Your doctor or nurse will ask you questions about your symptoms and medical history. It may be difficult to talk to a doctor or nurse about secret eating, purging, or exercise behaviors. But doctors and nurses want to help you get better. Being honest about your eating behaviors with a doctor or nurse is a good way to ask for help.
Your doctor may do blood or urine tests to rule out other possible causes of your symptoms. Your doctor may also do other tests to see whether you have any other health problems caused by bulimia. These tests may include kidney function tests or an electrocardiogram to see if or how repeated binging and purging has affected your health.
Eating Disorders And Hypothalamic Amenorrhea
Hypothalamic Amenorrhea is a commonly occurring medical condition in women of childbearing age with eating disorders. The body enters survival mode, periods stop, and women will not be able to reproduce. Learn more about what causes it, the consequences, and how it is treated.
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Can Eating Disorders Be Prevented
According to Burton Murray, yes, some of these disorders may be preventable. Adds NEDA: “Scientists believe that if they can reduce the risk factors for eating disorders, then they can reduce the chances that a person will go on to develop an eating disorder.”
Prevention can include reducing negative risk factors, like body dissatisfaction, or depression, or appearance-based self-esteem, or increasing protective factors, like giving appreciation for the body’s functionality.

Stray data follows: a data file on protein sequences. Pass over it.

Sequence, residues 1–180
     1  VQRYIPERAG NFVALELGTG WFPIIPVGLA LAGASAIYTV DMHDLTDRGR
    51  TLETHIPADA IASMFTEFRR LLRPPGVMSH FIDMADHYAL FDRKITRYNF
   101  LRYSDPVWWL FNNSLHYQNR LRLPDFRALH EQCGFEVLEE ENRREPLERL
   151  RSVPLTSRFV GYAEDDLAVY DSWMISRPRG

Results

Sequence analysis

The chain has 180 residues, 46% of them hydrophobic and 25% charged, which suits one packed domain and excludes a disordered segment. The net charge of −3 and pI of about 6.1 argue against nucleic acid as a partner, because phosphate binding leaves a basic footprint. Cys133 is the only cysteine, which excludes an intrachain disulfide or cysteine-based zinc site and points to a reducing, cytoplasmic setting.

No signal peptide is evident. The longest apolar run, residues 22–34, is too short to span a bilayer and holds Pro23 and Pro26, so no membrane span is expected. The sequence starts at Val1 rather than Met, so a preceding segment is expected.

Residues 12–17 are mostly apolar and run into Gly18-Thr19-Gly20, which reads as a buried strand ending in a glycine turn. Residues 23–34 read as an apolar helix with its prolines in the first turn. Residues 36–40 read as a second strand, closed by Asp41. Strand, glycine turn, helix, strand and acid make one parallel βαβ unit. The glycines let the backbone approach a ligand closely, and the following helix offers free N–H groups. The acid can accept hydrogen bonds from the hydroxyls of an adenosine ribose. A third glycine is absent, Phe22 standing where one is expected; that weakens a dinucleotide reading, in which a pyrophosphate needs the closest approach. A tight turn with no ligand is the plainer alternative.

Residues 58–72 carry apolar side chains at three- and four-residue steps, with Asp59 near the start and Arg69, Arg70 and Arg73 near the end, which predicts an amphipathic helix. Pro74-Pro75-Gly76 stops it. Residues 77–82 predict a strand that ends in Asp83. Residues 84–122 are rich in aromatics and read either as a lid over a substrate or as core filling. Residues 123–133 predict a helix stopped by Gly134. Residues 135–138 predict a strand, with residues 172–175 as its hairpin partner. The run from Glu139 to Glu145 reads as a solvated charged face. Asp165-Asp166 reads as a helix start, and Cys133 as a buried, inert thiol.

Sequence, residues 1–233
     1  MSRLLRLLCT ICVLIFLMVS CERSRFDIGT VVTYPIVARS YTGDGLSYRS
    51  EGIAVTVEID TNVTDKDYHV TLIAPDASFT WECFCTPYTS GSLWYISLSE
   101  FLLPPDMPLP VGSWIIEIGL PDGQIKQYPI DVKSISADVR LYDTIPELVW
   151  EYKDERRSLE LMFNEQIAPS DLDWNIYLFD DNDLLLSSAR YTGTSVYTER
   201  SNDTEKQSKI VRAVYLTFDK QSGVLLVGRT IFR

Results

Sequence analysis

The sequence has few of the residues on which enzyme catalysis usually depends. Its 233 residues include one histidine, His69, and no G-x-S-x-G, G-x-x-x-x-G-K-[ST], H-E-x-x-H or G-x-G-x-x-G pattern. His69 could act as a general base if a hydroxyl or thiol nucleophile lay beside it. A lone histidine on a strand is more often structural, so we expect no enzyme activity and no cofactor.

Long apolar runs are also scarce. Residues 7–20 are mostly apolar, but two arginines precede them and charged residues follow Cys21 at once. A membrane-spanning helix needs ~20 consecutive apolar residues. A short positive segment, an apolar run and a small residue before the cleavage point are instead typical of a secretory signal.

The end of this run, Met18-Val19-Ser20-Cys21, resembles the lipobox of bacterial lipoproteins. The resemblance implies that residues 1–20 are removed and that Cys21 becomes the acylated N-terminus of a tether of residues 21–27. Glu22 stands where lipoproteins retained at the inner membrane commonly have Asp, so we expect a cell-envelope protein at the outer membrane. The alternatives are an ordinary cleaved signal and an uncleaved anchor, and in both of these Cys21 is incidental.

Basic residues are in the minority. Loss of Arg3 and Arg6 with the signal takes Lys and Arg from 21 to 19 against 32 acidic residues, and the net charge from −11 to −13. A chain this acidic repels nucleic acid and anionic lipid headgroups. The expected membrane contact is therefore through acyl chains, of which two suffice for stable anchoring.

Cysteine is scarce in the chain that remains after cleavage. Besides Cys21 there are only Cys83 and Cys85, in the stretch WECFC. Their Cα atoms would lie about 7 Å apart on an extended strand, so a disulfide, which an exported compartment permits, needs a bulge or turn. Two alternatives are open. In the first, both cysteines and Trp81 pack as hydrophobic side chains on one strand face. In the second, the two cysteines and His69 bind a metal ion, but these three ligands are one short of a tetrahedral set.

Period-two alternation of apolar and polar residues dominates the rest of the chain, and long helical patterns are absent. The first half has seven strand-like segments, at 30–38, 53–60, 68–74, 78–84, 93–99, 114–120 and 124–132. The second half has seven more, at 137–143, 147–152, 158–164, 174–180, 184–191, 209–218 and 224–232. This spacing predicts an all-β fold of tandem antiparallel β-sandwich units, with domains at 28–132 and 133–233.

A Major Concern For Anorexia Sufferers
Primary Amenorrhea is diagnosed when a female fails to start her menses by age 16. Secondary Amenorrhea occurs when a woman no longer menstruates after having menstruated in the past. Secondary amenorrhea becomes a major concern for an individual who is low weight and has not had a period in 3 to 6 months.
The hormonal imbalance that occurs when a woman is not menstruating can lead to many lasting consequences for a woman dealing with her eating disorder and therefore must be addressed in the course of her treatment.
Secondary amenorrhea is generally what is diagnosed in the anorexic patient. The loss of the period may be caused by:
- Extreme weight loss
- Intense exercise routines
- Increased levels of stress
We dont know which of the above actually leads to the loss of the period or if its the combination of factors that can lead to the medical diagnosis.
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An Eating Disorder May Be What Causes Irregular Periods
Last updated on By Jing
Irregular periods? PMS? Look into your diet to see if you have some type of eating disorder, because it could be the reason behind your menstrual disharmoines.